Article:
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Charlie Bone and the Hidden King
(Book 5) Charlie Bone and the Hidden King
Grandma Bone was an unpleasant sight at the best of times, but after midnight she looked her worst. Her skinny frame was wrapped in a shaggy, gray bathrobe and her big feet ecased in green woolen slippers. A long, white ponytail hung over her shoulder, and her sallow face had blotches of white cream dotted across it.

“Hello, Grandma,” said Charlie, trying to make the best of things.

“Don’t be insolent.” Grandma Bone didn’t like people being cheerful at night.

“Why aren’t you in bed?”

“We were hungry.”

“Rubbish.” She treated everything Charlie said as a lie. “I heard cats.” She began to descend the stairs.

“They were outside, Grandma,” Charlie said quickly.

She stopped and stared at the glass fanlight above the front door. “What sort of snow is that? It doesn’t look normal.” She had a point. There was something different about those spinning flakes, but Charlie couldn’t have said what it was.

“It’s cold, white, and wet,” said Uncle Paton, stepping out of the kitchen. “What more do you want?”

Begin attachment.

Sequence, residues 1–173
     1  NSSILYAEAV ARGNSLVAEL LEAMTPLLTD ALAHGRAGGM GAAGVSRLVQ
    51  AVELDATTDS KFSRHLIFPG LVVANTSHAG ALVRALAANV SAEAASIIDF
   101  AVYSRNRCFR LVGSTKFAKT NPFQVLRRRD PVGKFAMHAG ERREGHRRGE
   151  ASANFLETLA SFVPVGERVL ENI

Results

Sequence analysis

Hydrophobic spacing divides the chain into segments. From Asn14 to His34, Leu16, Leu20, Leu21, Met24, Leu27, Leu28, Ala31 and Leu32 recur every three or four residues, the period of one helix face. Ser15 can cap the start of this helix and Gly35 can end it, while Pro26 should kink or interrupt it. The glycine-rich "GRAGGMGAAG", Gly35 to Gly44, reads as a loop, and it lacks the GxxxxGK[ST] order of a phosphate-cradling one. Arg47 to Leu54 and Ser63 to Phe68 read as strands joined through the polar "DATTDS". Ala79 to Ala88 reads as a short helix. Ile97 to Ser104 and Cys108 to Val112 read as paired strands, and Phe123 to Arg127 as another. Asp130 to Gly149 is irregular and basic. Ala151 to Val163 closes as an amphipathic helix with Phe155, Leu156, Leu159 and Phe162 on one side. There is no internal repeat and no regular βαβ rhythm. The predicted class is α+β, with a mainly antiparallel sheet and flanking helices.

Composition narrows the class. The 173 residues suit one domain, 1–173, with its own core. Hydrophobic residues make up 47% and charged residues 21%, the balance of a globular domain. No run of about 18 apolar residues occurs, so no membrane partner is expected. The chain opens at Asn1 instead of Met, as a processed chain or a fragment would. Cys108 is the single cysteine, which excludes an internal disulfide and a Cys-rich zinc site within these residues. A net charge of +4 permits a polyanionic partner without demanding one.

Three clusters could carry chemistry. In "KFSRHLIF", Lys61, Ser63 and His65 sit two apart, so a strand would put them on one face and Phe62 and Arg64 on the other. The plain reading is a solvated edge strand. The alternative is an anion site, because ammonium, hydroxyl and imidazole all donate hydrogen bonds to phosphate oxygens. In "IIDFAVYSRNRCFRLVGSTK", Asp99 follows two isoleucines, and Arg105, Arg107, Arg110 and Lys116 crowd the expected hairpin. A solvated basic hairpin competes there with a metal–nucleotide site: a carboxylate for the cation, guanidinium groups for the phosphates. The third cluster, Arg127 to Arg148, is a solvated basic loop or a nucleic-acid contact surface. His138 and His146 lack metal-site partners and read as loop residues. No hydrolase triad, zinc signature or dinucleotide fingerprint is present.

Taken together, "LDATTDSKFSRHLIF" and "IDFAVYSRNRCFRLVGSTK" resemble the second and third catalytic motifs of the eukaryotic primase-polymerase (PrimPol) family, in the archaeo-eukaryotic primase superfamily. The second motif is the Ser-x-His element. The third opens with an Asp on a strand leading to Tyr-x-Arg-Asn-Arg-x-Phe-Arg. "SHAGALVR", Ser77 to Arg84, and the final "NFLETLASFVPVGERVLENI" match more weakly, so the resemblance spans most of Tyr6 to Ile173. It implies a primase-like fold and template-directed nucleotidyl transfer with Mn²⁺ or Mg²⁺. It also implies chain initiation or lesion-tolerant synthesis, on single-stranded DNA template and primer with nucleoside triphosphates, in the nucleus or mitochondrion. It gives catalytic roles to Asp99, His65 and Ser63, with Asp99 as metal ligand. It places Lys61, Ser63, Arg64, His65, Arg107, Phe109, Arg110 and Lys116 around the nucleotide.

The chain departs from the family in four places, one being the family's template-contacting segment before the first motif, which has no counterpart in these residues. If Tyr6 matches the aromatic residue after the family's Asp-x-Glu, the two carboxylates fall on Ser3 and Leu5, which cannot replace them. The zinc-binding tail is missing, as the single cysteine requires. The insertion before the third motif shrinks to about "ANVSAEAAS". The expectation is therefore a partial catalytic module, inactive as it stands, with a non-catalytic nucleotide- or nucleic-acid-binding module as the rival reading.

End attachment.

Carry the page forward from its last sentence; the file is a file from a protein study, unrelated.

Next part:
“You!” snarled Grandma Bone. “Why didn’t you send these boys back to bed?”

“Because they were hungry,” answered her brother in a superior tone. “Go to bed, Grizelda.”

“Don’t you order me around.”

“Suit yourself.” Paton ambled back into the kitchen.

For a moment Grandma Bone remained on the stairs, glaring down at Charlie.

“I’ll get a glass of water, Grandma, and then we’ll go straight to bed.” Charlie looked at Billy. “Won’t we, Billy?”

“Oh, yes.” To an orphan like Billy, Charlie’s strange, quarreling family was endlessly fascinating. He nodded emphatically at Grandma Bone and added, “Promise.”

Grandma Bone gave a Hmph of doubt and shuffled upstairs.

Charlie drew Billy into the kitchen again and asked in a whisper, “What did they say, Billy? The Flames. About the Shadow?”

“They just said a word,” Billy replied. “It sounded like ‘listen.’ No, something different, an old-fashioned word for ‘listen.’”

“Hark?” Uncle Paton suggested.

“Yes, that’s it.”

“That’s hardly a name, dear boy.” Uncle Patton bit into a hunk of cheddar. It’s more of a command. Perhaps you misheard.”

“I didn’t,” said Billy gravely.

Illustrations(c) 2004 Chris Sheeba